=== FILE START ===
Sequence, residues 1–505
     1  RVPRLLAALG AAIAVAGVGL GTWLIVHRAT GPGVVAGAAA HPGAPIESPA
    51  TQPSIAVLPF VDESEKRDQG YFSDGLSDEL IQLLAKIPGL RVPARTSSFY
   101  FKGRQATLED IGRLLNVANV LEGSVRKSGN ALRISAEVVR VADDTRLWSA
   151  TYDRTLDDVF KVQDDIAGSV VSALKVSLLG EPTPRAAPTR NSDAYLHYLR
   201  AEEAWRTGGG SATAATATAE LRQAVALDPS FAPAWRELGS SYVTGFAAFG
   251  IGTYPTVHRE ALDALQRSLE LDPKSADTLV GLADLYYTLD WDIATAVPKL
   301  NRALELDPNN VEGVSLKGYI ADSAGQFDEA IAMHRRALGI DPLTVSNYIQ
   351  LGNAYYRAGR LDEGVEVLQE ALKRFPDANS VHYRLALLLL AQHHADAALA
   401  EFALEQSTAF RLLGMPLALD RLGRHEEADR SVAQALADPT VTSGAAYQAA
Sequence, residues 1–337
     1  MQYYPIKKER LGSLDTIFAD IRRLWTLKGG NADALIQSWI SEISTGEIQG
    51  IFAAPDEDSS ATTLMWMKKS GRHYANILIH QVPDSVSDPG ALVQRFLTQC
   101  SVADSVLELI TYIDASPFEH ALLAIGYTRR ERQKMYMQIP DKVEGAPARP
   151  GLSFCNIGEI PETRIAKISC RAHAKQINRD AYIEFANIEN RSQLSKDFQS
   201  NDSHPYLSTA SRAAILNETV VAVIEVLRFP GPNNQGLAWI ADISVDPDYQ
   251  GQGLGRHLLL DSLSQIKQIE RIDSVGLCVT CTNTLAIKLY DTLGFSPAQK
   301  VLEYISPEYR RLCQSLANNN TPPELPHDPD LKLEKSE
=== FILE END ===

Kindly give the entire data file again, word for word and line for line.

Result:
Sequence, residues 1–505
     1  RVPRLLAALG AAIAVAGVGL GTWLIVHRAT GPGVVAGAAA HPGAPIESPA
    51  TQPSIAVLPF VDESEKRDQG YFSDGLSDEL IQLLAKIPGL RVPARTSSFY
   101  FKGRQATLED IGRLLNVANV LEGSVRKSGN ALRISAEVVR VADDTRLWSA
   151  TYDRTLDDVF KVQDDIAGSV VSALKVSLLG EPTPRAAPTR NSDAYLHYLR
   201  AEEAWRTGGG SATAATATAE LRQAVALDPS FAPAWRELGS SYVTGFAAFG
   251  IGTYPTVHRE ALDALQRSLE LDPKSADTLV GLADLYYTLD WDIATAVPKL
   301  NRALELDPNN VEGVSLKGYI ADSAGQFDEA IAMHRRALGI DPLTVSNYIQ
   351  LGNAYYRAGR LDEGVEVLQE ALKRFPDANS VHYRLALLLL AQHHADAALA
   401  EFALEQSTAF RLLGMPLALD RLGRHEEADR SVAQALADPT VTSGAAYQAA
Sequence, residues 1–337
     1  MQYYPIKKER LGSLDTIFAD IRRLWTLKGG NADALIQSWI SEISTGEIQG
    51  IFAAPDEDSS ATTLMWMKKS GRHYANILIH QVPDSVSDPG ALVQRFLTQC
   101  SVADSVLELI TYIDASPFEH ALLAIGYTRR ERQKMYMQIP DKVEGAPARP
   151  GLSFCNIGEI PETRIAKISC RAHAKQINRD AYIEFANIEN RSQLSKDFQS
   201  NDSHPYLSTA SRAAILNETV VAVIEVLRFP GPNNQGLAWI ADISVDPDYQ
   251  GQGLGRHLLL DSLSQIKQIE RIDSVGLCVT CTNTLAIKLY DTLGFSPAQK
   301  VLEYISPEYR RLCQSLANNN TPPELPHDPD LKLEKSE